• Tue
  • Sep 2, 2014
  • Updated: 3:23pm

Miraculous leaves have history of healing

PUBLISHED : Monday, 19 October, 2009, 12:00am
UPDATED : Monday, 19 October, 2009, 12:00am
 

In addition to providing a dish with that perfect touch of flavour, culinary herbs can have physical benefits.

Rosemary

This herb has a long tradition of culinary and medicinal benefits. In Greek mythology, it was said to rejuvenate spirits and improve memory. Modern scientific research shows that rosemary contains active substances that prevent the breakdown of neurotransmitters in the brain, lending credibility to this belief.

In ancient times, Greek brides also believed that the herb was a gift from Aphrodite, the goddess of love and beauty, and they wore rosemary in wreaths as a symbol of fidelity.

As a traditional medicine, it was taken as a tonic, stimulant and cure for flatulence and headaches.

Modern-day herbalists use it to alleviate pain or assist with illness related to the liver and gall bladder. It is now widely used as an antiseptic for treating flu and colds and, because of its pungent, pine-like scent, many people use rosemary tea to gargle, with the hope of curing halitosis and heal mouth ulcers.

Rosemary oil, when used externally, is an effective antioxidant and stimulates circulation to give the skin a healthy tone. Often, it is blended in hair care products and lotions as it stimulates the hair follicles and prevents premature baldness.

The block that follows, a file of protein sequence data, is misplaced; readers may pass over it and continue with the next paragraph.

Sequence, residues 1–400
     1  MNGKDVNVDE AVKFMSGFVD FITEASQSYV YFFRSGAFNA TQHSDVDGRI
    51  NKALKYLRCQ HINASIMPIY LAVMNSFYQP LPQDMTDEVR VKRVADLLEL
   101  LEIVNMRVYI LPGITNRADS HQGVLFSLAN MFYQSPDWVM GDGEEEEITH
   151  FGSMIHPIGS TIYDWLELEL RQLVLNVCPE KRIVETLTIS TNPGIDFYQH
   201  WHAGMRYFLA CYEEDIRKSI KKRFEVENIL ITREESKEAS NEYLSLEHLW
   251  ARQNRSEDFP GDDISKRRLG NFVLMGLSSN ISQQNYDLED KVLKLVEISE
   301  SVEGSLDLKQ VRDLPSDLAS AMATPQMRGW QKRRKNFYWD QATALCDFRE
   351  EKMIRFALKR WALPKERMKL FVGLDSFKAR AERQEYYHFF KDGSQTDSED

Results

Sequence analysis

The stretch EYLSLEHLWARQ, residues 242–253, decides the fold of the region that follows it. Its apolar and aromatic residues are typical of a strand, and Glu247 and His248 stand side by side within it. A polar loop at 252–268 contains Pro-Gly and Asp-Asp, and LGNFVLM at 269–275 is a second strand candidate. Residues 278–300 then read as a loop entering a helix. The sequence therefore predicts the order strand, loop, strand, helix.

Lavender

The use of lavender as a herb has been well documented for more than 2,500 years. It was used for mummification and perfume by the Egyptians, Phoenicians and Arabians, and has been lauded as a herb of love in literature. It has been known throughout history as a simple, accessible and inexpensive scent that can be used in aromatherapy and medicine.

The versatile therapeutic properties of this herb make it one of the most popular ways to ease anxiety, fatigue and headache and relieve mental sluggishness, among other ailments. It improves blood circulation when mixed with bath water, giving the skin a renewed radiance. This is one of the inexpensive ways to improve one's looks.

The herb may even be taken orally, either as food flavouring or as a drink, or rubbed on the skin to soothe inflammation, burns and eczema.

Aromatherapists regularly use lavender and other essential oils as a tonic to relieve nervous disorders and mood disturbances.

Lavender oil also stimulates growth of skin cells and is effective in healing wounds. It also works well as an antivenin.

Oregano

Aside from being known as the famous 'pizza herb', oregano is also well known for its versatile medicinal characteristics.

Oregano works as an antioxidant through the presence of thymol and rosmarinic acid - compounds that help in scavenging free radicals, preventing cell damage and membrane alteration. Crushing the leaves before ingesting will release the aroma and activate its antioxidant properties, making it more effective in relieving colds, influenza and painful menstruation.

The volatile oil present in oregano inhibits the growth of bacteria and parasitic micro-organisms. In addition, due to the presence of an anti-inflammatory agent called terpenes, the oil is also helpful in reducing joint inflammation.

Dandruff, caused by yeast infection in the scalp, can be eliminated by mixing oregano oil with regular shampoo.

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